That’s because this hotel is a member of the Virtual Tourism Organization, an institution as fictional as the rooms that are rendered at the Vue des Alpes, but no less accommodating. Who wouldn’t want to enjoy the consistently moderate, sunny climate, or spend their days exploring the 20 square kilometers of local hiking trails, and taking in the “stimulating, generated scenery”? Since the opening of the hotel in 2001, digital tourism has led to the gradual development of the area, including a new funicular taking visitors to the top of the also-fabricated-Gleissenhorn. Every time I’ve looked, the hotel is fully booked for at least the following few days.

On my recent stay at the Vue des Alpes, I kept finding myself distracted by the practicalities of life beyond the screen. I didn’t find it as restful as the website had suggested. I felt that the hotel was in desperate need of some renovations. Technology, and especially the quality of digital imagery, has improved remarkably in the last fifteen years, but like many 1970s style hotels in Europe, this hotel is stuck in a time-warp of turn-of-the-century three-dimensional visualization. This doesn’t mean the project is any less alluring. A vacation available to everyone, and at no cost, is not to be shrugged off lightly. If we can enjoy the many advantages of visiting a foreign place without having to deal with the inconveniences of physically moving location, is this not the future of travel?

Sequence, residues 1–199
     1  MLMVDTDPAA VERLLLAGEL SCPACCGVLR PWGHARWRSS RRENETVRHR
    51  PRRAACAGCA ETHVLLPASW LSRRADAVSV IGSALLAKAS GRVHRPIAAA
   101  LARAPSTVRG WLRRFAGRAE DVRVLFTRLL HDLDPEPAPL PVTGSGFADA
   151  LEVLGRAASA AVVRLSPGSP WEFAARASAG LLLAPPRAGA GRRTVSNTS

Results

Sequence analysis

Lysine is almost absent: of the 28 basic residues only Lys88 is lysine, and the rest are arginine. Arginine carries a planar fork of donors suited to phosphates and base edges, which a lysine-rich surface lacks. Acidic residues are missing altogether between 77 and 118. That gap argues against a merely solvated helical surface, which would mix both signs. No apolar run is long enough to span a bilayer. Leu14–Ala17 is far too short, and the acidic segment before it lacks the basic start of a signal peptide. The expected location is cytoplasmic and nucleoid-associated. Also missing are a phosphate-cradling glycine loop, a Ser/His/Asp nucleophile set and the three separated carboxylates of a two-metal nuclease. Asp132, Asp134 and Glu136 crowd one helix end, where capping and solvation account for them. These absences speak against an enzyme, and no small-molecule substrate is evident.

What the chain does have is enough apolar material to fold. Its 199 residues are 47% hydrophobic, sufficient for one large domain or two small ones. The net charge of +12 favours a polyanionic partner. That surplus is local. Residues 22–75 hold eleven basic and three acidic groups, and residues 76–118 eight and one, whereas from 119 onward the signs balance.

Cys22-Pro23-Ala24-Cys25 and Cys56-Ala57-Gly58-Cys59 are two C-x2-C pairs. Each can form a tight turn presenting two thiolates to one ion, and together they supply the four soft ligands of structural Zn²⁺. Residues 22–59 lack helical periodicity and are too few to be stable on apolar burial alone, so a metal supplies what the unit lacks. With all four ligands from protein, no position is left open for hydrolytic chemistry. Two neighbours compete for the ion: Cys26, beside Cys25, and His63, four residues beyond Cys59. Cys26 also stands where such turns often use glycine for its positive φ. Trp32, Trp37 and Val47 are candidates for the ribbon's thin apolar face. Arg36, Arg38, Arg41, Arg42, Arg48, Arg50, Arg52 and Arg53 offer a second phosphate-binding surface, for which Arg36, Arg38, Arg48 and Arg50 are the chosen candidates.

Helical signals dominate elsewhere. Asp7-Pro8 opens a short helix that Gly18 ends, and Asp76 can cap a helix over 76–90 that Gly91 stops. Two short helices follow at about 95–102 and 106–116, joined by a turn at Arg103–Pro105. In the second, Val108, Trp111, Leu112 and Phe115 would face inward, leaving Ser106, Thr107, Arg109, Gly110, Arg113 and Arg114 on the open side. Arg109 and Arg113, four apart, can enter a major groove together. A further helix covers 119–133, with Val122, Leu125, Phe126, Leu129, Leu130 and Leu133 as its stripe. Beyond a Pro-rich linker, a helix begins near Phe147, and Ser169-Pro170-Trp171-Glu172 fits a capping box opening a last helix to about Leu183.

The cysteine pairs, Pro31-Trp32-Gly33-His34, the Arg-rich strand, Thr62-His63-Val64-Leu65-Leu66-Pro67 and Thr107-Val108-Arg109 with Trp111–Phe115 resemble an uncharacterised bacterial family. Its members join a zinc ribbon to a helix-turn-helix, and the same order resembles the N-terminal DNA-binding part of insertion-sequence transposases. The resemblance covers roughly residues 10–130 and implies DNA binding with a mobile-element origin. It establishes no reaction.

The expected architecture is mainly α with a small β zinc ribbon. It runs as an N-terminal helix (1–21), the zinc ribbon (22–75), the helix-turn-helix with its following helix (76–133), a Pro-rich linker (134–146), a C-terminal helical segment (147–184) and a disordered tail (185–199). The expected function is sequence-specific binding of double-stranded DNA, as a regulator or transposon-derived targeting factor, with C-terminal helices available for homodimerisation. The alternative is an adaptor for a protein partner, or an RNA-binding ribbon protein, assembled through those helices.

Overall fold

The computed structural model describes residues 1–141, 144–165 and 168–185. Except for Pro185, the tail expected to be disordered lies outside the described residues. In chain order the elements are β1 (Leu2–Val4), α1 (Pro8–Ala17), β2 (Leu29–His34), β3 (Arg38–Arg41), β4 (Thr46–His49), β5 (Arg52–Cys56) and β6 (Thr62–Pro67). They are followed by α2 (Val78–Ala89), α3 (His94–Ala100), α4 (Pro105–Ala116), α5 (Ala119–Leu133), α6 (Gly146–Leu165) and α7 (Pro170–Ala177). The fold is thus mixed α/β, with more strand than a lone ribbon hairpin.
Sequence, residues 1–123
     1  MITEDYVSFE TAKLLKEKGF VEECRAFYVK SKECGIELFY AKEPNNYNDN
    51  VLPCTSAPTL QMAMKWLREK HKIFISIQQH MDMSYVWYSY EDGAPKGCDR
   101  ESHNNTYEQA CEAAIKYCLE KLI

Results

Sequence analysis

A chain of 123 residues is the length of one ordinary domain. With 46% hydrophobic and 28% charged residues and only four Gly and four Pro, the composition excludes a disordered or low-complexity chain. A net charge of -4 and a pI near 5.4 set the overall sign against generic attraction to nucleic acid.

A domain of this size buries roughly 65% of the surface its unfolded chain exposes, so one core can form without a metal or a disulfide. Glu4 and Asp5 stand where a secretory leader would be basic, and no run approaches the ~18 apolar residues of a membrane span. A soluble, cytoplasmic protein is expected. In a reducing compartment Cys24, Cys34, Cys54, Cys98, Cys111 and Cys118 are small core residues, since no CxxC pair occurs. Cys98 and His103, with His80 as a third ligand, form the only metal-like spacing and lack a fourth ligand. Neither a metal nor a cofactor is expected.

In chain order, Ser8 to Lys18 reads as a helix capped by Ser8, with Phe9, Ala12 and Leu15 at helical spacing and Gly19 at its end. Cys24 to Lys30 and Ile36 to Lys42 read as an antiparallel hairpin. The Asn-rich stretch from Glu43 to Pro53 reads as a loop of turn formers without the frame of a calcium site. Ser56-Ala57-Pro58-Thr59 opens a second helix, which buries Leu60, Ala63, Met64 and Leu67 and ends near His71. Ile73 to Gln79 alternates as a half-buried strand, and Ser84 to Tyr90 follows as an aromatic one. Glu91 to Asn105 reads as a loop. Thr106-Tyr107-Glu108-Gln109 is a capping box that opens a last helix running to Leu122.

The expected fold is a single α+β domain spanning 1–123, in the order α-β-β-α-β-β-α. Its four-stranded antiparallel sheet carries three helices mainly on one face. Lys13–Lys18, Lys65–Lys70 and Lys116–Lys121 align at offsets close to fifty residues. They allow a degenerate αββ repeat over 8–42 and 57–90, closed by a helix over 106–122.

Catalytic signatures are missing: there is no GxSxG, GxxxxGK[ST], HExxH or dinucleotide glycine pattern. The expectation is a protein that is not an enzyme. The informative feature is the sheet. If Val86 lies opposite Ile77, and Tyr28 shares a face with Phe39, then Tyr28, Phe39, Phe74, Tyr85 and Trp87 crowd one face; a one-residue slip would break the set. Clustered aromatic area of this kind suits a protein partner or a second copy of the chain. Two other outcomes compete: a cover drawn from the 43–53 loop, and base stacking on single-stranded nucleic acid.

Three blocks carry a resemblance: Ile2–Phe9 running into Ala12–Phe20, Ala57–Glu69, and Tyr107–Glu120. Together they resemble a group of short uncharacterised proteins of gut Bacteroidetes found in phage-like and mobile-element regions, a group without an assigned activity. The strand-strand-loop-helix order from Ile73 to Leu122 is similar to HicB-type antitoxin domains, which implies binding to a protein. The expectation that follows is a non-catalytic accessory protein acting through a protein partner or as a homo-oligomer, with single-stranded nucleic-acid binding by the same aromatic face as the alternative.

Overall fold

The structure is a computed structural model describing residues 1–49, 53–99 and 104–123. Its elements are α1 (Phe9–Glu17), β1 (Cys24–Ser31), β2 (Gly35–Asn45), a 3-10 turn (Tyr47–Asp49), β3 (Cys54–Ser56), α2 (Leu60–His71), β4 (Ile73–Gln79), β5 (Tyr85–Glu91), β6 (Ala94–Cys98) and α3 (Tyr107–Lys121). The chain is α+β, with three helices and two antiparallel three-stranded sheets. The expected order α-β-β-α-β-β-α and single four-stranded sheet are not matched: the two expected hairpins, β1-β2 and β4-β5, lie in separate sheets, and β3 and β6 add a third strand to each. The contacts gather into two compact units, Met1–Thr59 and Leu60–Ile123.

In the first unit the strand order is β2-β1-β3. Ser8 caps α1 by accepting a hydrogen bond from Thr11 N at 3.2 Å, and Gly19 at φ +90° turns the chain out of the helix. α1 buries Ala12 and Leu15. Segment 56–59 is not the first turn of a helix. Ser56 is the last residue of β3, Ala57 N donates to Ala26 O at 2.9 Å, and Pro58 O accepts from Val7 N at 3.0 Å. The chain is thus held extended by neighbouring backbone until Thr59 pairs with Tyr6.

Although the quality of the three-dimensional model of Hotel Vue des Alpes lacks a level of realism necessary in order to convince us that we truly are in the Alps, it highlights an important trend evident in a wide range of objects and images today: the experience of travel that does not require us to move—or, what I term, “non-travel.” This form of travel is elicited through “devices”—the physical and digital tools that are involved in travel itself. They embody the experience of a place even if we are not physically in it. The success of a device is partly due to how much we feel we have been transported to the place as opposed to seeing the place through the given medium.